Overcoming Everything from Blindness to Single Motherhood
My challenges have been many, and my pain extreme.
Having been born in a beautiful village known as Manga in the countryside of Kenya, I was a bright student in school. I was the second born in a family of six. My parents were both primary school teachers.
At 13 years old, I was diagnosed with keratoconus, a rare eye condition that affects the eye’s corneas and can potentially lead to blindness. We visited many hospitals and eventually were advised to go to India for a cornea transplant. We couldn’t afford it.
My parents were too scared. They couldn’t understand how their healthy child could have transplanted corneas that had to be donated from departed souls. I worked so hard in school, but my eyes hurt day and night, so much so that it was difficult to even read and sleep.
I had no choice—I had to work hard in school. I wrote on a piece of paper that I had to work hard and get a good job so I could afford to pay for my surgery. It was a constant reminder.
I made it into the best girls’ school in Kenya. And later, I went to the best university in East and Central Africa. It was when I was in college that I had my first child. I was 23. I now had to deal with my eye problem, studies, my son, and a heartbreak. My boyfriend left me and later got married in a church wedding.
But life went on. I later got a bank job. I met my husband at work. We moved in together, but it ended up being an abusive marriage. My husband had a child with someone else while we were still married. It happened during the time I had gone for my surgery. The bank had agreed to cover all my medical expenses. But it was a long and arduous process. I had four painful eye surgeries in three years.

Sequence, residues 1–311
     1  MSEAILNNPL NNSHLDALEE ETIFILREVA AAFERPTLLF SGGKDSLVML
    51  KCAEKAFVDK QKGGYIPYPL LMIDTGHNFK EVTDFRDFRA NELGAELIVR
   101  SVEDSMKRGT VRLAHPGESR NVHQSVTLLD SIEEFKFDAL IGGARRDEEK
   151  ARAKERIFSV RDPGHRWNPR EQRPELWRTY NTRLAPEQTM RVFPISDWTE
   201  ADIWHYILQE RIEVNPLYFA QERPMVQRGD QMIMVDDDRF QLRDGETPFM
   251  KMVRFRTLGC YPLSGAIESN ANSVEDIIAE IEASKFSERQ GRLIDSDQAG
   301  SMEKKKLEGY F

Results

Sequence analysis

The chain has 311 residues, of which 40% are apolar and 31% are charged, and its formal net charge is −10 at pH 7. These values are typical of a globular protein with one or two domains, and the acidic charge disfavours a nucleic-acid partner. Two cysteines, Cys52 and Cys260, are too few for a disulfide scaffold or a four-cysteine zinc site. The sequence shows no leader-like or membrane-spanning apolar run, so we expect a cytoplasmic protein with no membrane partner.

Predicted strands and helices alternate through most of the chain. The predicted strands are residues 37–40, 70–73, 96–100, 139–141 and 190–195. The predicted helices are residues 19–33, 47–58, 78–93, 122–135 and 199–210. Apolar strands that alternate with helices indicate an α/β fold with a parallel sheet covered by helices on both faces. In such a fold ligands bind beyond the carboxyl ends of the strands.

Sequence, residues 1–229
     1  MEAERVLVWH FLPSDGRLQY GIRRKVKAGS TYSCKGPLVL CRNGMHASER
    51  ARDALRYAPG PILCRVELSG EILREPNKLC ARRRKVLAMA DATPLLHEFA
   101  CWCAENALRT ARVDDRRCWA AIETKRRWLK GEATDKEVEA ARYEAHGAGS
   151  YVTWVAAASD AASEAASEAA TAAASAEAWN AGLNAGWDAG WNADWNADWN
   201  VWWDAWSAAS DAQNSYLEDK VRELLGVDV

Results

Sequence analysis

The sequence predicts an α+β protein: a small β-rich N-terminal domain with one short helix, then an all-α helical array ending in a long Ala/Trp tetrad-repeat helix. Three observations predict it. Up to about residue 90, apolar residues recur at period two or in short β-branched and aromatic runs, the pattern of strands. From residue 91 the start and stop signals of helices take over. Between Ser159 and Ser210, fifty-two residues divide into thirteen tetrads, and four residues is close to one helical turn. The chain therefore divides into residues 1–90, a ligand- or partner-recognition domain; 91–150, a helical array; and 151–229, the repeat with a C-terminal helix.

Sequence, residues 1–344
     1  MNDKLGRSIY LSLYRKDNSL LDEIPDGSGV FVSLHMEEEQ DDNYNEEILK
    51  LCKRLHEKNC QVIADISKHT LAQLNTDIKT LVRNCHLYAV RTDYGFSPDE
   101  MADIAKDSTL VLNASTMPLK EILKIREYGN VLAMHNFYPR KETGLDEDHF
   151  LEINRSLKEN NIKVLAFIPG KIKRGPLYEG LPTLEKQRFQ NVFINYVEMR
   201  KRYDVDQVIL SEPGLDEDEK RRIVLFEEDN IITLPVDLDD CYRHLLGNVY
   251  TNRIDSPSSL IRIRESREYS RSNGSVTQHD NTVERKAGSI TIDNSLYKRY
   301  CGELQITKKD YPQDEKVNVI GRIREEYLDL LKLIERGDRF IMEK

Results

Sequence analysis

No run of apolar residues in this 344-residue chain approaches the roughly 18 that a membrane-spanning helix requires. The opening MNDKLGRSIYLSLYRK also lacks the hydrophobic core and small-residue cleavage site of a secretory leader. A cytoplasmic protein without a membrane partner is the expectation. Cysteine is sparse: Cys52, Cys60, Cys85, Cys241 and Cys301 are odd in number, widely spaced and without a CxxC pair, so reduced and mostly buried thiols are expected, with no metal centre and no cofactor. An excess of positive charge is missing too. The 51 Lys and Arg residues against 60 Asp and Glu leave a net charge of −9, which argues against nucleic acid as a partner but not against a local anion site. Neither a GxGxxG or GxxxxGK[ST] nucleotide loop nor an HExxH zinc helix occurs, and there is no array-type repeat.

All the while, my husband was not supportive. He was alcoholic and abusive. I wanted to make it work so badly that I stayed, for fear of ridicule from society. But after four years, i couldn’t take it any longer. I left my husband and was now a single mother of two boys.
I went into a long depression. I had no one to talk to. I felt ashamed of myself. My parents had invested so much in me, and I felt I had let them down.
One day, I was looking online for solutions. I stumbled upon a personal development program known as the Miracle Morning, by Hal Elrod. I did the program for two years, and my life turned around. I started doing motivational talks in schools. I was now feeding 40 street children in my local county. I was also working to be the best mother I could be. Additionally, I discovered a passion in writing and singing gospel inspirational music.
My story touched Hal. He invited me to the U.S. to share with other Miracle Morningers. Now, I am writing my memoir, Lost and Found. I know from firsthand experience that anything is possible and that we can overcome all the obstacles life puts in our way.
Rister Ratemo is a loving mother of two amazing boys. She has a passion for music and giving back. She writes and sings gospel inspirational music. She is a motivational speaker and life coach. A native of Kenya, Rister currently lives in New Jersey.